Saturday, December 29, 2012

Antarctic Adventure 2012: Exploring New Zealand
After I got back from Antarctica I had a full day to myself in New Zealand. I decided to go on a bus tour of Christchurch and the surrounding areas. It was a three hour tour that had a much better outcome than Gilligan's Island.  I got to see the remnants of Cathedral Square, the Canterbury Museum, Botanical Gardens, Port of Lyttelton, Redcliffs and Sumner Beach.  It was a great way to see the surrounding area in a short amount of time. It gave me a very clear perspective on just how damaging the earthquakes over the past couple years have been. The city is severely damaged and will take years in order to repair and rebuilt.

Friday, December 28, 2012

Antarctic Adventure 2012: Back in New  Zealand
That was an amazing 36 hours down on the ice! I cannot even describe how outstanding this experience was and it was well worth all the long flights. I would like to send a special thanks to the 109th Airlift Wing from the New York Air National Guard for their coordination and helping me thorough every step of this journey.  Today they were able to put me on a resupply flight to the South Pole and even gave me a headset and let me sit in the cockpit for the 4 hour LC-130 Hercules ride to the bottom of the world. The view form the cockpit flying over Antarctic was breathtaking. Once we landed at the pole I had 20 minutes to explore before we took off again. They warned me not to run because the high altitude would tire me, but even after just quickly walking I was out of breath in minutes. I made it to the geographic south pole and saw the ceremonial south pole from a distance. Fun fact, the geographic south pole changes every year.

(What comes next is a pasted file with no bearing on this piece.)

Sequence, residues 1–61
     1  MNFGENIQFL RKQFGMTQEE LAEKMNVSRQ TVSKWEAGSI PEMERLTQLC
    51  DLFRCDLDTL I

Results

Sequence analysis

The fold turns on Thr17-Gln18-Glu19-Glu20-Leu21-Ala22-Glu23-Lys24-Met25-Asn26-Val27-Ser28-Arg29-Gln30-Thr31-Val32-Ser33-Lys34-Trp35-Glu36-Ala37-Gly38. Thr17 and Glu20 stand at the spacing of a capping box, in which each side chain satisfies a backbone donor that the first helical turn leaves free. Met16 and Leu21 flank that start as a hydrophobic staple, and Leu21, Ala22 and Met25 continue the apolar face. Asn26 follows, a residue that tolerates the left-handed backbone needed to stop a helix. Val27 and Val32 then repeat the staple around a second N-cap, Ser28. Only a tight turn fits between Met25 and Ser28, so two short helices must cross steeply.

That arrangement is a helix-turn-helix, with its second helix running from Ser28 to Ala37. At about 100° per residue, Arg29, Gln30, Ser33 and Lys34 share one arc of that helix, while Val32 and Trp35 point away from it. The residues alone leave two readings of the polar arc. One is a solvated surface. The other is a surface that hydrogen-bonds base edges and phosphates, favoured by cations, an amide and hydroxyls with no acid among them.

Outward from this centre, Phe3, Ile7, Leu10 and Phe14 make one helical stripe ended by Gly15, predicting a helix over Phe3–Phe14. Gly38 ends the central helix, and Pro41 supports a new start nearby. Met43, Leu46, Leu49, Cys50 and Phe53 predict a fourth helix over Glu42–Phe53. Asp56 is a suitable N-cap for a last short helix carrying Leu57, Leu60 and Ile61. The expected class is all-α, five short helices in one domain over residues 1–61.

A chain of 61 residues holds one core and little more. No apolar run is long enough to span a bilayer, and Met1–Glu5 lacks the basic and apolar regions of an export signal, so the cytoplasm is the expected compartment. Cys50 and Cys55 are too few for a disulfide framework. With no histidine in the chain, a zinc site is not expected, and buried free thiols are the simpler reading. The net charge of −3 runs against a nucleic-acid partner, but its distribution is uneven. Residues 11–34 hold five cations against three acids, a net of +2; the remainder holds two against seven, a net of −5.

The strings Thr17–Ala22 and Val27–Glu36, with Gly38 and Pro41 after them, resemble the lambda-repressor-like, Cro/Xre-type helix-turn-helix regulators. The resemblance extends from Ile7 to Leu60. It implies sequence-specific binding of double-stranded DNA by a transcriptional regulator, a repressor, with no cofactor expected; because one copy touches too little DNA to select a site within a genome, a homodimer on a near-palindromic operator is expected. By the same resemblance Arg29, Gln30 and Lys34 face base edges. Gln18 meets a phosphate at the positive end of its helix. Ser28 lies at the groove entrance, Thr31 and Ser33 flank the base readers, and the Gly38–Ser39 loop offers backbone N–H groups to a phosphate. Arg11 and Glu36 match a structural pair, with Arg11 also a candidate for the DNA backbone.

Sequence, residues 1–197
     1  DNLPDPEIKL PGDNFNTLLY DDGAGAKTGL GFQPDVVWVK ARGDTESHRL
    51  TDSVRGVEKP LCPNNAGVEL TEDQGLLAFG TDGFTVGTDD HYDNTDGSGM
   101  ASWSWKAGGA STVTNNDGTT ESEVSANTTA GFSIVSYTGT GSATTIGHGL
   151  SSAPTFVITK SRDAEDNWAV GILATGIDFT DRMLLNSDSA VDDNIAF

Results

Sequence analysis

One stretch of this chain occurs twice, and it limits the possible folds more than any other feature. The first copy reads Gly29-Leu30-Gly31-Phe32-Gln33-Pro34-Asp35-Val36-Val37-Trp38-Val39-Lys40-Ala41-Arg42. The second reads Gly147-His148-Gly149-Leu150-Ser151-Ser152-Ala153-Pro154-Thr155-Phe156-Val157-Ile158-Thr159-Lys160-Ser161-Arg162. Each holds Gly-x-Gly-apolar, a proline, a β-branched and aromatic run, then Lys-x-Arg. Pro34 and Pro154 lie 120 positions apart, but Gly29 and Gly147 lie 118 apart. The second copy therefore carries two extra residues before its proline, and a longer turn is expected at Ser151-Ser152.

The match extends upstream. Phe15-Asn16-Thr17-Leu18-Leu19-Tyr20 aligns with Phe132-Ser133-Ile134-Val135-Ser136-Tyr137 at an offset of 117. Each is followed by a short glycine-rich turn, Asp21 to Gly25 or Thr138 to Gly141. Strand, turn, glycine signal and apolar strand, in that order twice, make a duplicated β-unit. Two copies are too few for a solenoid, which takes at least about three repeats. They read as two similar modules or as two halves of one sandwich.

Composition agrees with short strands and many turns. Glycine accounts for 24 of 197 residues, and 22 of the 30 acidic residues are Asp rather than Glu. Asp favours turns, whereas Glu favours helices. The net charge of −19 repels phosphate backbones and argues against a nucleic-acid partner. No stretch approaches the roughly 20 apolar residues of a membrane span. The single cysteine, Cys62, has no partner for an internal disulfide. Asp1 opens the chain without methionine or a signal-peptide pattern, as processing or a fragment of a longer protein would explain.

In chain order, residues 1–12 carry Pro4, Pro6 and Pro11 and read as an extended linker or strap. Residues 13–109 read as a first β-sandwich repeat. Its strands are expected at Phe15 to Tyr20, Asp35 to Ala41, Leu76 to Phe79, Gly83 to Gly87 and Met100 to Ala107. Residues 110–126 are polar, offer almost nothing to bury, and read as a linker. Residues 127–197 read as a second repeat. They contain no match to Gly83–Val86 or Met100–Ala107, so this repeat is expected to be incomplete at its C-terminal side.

As soon as I landed back on the Pegasus Air Strip on the ice sheet outside McMurdo, around 1800, I was told to eat quickly as soon as I got back because they had a busy night planned for me. We walked back over to Scott Hut but this time we had a guide to let us in the actual hut. It was incredible, and looked as if they had just left. There were animal carcasses drying in a store room, boxes and cans of food staked by the walk ways, and gear hanging up to dry. It was eerie, like stepping right back into history.

Scott's Hut built in 1902 with floating ice pier behind it.

Mummified Seal Carcass outside Scott's Hut.
Cross at Hut Point.
Seal Seen from Hut Point.
Seals by a crack in the ice by Hut Point. 

After I got back from Hut Point I headed off towards Scott Base, the New Zealand base close to McMurdo, for a tour of the pressure ridges. Pressure ridges occur where sea ice is being crushed  into the land by the ice shelf. The cracks that occur in the ice are popular places for seals to hang out. I was extremely lucky to be taken out to the pressure ridges because the United States closed them down three days before and the Kiwi's had closed them the day before because people were falling though the cracks in the ice.  Luckily they opened up a trail three hours before now and I was one of the lucky few to be allowed to go out onto the ice. I would like to give special thanks to Master Sargent Brian Marcyjanik who was instrumental in organizing this tour. It was one of the coolest thing I have ever experienced, walking between towers of ice, and getting as close as ten feet to seals. See more pictures on the Pressure Ridge slideshow on the left hand bar.